There are always risks of dependence and addiction to prescription pain killers such as Percodan for those who may not have a current history of substance abuse but have been involved in opiate abuse at some point in their past. For example, someone who has stopped opiate abuse either on their own or with help may be prescribed Percodan or some other prescription opioid for a legitimate ailment. Their physician may not be aware of the fact that the patient has a past history of opioid abuse, and may with good intentions prescribe a pain killer such as Percodan. Physicians are supposed to inquire about circumstances such as this, but unfortunately this is often not the case. When left to the discretion of the patient, many will oblige and fill their prescription. This can lead to a devastating relapse for individuals who could have been prescribed a non-narcotic pain killer which would have been more appropriate for their circumstances.
Individuals who are abusing Percodan will often take fare more than would ever be prescribed to experience an intense opiate high. In moderate doses patients experience pain relief, but in extremely high doses individuals are going for an intense euphoric high much like one would experience from take an illicit street drug such as heroin. Someone wanting to experience this type of high could take 4 or more Percodan pills for example, when only one would suffice in terms of pain relief. Percodan is instance release, meaning there is no extended release version of the drugs so its effects are felt all at the same time right away. This whopping dose of Percodan can very easily cause an overdose which can result in seizures, cessation of breathing, cardiac arrest, coma and death.
The likelihood of an overdose is all dependent on dosage and how opiate dependent someone is. For example, someone who has a history of opiate abuse but has stopped may take a large dose of Percodan thinking they will be tolerant to that dose. Not having taken opiates in a while they may not be tolerant to that dose at all, and a deadly overdose can occur instead of the intended high there were going for. Unintentional overdoses occur all the time with drugs such as Percodan, and are particularly likely if the user has been mixing Percodan with alcohol or other drugs. Combining drugs or multiple drugs with alcohol is a very common cause of death and responsible for thousands of visits to emergency rooms around the country each year.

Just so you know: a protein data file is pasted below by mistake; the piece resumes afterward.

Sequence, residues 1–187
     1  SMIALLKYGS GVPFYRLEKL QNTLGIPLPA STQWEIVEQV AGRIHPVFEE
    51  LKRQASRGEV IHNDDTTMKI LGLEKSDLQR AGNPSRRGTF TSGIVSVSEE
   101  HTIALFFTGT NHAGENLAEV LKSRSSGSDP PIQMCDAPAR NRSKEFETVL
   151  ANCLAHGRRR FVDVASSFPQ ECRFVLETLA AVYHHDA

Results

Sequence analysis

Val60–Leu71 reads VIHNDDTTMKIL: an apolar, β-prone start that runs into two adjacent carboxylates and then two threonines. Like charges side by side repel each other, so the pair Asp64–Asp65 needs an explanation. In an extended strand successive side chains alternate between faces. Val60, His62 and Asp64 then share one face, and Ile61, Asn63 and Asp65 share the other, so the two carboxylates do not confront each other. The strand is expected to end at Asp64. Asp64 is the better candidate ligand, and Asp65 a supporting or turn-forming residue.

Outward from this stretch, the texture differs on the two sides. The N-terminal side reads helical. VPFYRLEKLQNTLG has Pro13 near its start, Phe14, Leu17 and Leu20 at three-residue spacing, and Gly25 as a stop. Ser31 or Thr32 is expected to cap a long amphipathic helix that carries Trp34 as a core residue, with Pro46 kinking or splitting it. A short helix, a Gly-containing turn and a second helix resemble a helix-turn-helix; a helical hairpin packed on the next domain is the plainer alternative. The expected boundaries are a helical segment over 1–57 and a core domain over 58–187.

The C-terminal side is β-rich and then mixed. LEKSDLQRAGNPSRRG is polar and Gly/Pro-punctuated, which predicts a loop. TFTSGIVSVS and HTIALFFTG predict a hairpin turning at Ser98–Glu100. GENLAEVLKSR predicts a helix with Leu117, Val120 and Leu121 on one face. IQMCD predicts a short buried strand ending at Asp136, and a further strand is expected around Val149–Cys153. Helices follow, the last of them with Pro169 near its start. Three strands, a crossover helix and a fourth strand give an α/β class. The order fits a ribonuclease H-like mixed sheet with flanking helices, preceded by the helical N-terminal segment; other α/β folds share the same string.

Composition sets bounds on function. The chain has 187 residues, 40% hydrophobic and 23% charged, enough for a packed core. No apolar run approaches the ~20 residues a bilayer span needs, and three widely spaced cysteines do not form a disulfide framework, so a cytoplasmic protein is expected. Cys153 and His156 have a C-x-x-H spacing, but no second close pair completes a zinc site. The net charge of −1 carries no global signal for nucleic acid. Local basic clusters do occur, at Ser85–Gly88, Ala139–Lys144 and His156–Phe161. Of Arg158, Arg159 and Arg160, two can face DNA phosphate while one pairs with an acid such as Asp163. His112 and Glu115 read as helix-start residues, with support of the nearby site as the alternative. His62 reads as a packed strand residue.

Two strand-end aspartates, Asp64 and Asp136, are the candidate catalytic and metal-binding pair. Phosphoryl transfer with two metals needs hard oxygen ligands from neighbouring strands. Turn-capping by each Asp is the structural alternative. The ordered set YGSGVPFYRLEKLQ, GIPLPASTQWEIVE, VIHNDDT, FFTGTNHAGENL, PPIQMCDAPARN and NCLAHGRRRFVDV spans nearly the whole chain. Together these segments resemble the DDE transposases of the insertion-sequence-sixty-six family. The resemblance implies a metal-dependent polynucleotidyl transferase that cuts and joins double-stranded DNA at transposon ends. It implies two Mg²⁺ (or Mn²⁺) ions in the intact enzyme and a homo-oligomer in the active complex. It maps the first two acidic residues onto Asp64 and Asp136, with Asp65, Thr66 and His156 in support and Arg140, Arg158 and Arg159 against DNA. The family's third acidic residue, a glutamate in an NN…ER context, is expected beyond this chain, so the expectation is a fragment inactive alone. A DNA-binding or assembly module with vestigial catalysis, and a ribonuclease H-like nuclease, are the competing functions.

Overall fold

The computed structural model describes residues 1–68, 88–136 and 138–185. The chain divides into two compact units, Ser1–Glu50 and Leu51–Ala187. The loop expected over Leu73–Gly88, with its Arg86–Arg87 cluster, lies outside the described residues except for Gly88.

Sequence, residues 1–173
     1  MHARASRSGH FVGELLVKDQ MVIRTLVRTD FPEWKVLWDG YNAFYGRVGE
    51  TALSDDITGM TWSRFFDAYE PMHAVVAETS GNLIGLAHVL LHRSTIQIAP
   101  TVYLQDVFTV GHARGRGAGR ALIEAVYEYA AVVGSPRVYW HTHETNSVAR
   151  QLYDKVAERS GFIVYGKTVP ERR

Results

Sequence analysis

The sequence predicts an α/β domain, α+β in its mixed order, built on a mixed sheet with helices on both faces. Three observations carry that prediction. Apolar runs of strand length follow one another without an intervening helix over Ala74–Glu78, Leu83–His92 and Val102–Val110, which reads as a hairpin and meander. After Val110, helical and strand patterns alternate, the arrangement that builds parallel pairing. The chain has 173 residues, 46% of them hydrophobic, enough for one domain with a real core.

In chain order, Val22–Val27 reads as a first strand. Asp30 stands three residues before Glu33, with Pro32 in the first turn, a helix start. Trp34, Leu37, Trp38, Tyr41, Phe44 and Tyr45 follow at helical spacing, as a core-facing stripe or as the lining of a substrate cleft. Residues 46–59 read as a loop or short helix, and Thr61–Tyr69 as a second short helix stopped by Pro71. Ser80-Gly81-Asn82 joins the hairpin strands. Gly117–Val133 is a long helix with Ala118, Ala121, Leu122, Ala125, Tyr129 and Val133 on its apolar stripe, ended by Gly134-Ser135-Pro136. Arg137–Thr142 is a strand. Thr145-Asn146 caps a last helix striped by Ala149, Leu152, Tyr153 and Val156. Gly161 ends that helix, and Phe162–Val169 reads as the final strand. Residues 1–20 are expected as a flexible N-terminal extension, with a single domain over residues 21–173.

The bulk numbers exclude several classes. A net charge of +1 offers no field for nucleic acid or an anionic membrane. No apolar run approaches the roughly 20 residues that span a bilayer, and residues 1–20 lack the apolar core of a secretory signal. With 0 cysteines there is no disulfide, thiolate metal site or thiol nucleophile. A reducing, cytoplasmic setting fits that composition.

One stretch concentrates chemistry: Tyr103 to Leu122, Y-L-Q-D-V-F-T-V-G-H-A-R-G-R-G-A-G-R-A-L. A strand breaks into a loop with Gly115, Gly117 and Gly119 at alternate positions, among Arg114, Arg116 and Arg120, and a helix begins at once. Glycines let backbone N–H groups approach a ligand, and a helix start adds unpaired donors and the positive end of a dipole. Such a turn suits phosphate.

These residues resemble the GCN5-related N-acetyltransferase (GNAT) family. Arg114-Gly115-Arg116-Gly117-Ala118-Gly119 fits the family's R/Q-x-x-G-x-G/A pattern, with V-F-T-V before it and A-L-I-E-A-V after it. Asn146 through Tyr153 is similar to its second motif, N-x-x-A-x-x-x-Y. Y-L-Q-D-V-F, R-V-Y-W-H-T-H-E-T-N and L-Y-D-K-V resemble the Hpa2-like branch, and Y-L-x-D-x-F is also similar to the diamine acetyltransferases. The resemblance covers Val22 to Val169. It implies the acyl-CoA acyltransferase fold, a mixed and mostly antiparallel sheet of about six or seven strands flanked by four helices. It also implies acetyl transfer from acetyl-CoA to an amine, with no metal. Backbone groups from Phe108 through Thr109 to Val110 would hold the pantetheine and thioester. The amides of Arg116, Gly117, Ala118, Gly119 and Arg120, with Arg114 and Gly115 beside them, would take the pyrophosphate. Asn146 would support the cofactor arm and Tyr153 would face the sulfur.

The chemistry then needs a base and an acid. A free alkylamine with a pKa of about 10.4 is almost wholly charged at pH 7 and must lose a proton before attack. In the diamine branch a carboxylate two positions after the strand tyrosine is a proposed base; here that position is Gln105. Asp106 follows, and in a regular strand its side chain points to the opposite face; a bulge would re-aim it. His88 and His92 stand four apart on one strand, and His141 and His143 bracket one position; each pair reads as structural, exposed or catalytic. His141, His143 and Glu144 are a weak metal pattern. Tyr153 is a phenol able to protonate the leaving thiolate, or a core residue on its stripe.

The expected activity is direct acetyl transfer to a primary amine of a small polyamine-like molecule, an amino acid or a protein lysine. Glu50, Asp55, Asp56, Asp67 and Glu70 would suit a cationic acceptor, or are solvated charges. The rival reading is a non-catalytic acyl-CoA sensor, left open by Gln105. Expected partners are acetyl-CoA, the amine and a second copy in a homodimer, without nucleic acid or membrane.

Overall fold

Prescription drug abuse to powerful opioid narcotics such as Percodan is no new problem, but still a much unacknowledged one. Many are under the illusion that drugs such as Percodan are harmless because they are prescribed by a physician and are legal, and many have a prescription drug problem but are in denial because this kind of mindset. Percodan abuse and any other kind of prescription drug abuse is drug abuse, cut and dry. If someone is using a prescription drug without a prescription or is using it other than prescribed, it is very likely they have a drug problem and they need help. This scenario can happen to anyone, not just hardcore drug addicts. If a prescription drug problem does exist, there is no shame in getting the help one needs to resolve it. Because prescription drug addiction can have so many devastating consequences, it is best to seek help as soon as it is recognized at an effective inpatient or residential drug rehab facility which treats opiate addiction.